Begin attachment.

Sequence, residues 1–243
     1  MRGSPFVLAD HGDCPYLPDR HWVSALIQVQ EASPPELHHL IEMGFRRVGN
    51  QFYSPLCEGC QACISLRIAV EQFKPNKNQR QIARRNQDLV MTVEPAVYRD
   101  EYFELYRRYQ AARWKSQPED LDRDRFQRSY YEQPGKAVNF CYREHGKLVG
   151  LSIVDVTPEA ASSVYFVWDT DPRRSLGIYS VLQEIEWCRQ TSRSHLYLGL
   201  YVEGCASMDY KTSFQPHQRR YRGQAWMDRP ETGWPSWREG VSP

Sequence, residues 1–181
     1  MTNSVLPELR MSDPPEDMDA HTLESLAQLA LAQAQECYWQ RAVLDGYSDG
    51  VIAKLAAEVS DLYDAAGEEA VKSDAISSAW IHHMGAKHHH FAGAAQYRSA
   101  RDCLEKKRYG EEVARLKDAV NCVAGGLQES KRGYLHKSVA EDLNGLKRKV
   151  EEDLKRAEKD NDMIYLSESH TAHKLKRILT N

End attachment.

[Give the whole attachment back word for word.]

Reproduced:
Sequence, residues 1–243
     1  MRGSPFVLAD HGDCPYLPDR HWVSALIQVQ EASPPELHHL IEMGFRRVGN
    51  QFYSPLCEGC QACISLRIAV EQFKPNKNQR QIARRNQDLV MTVEPAVYRD
   101  EYFELYRRYQ AARWKSQPED LDRDRFQRSY YEQPGKAVNF CYREHGKLVG
   151  LSIVDVTPEA ASSVYFVWDT DPRRSLGIYS VLQEIEWCRQ TSRSHLYLGL
   201  YVEGCASMDY KTSFQPHQRR YRGQAWMDRP ETGWPSWREG VSP

Sequence, residues 1–181
     1  MTNSVLPELR MSDPPEDMDA HTLESLAQLA LAQAQECYWQ RAVLDGYSDG
    51  VIAKLAAEVS DLYDAAGEEA VKSDAISSAW IHHMGAKHHH FAGAAQYRSA
   101  RDCLEKKRYG EEVARLKDAV NCVAGGLQES KRGYLHKSVA EDLNGLKRKV
   151  EEDLKRAEKD NDMIYLSESH TAHKLKRILT N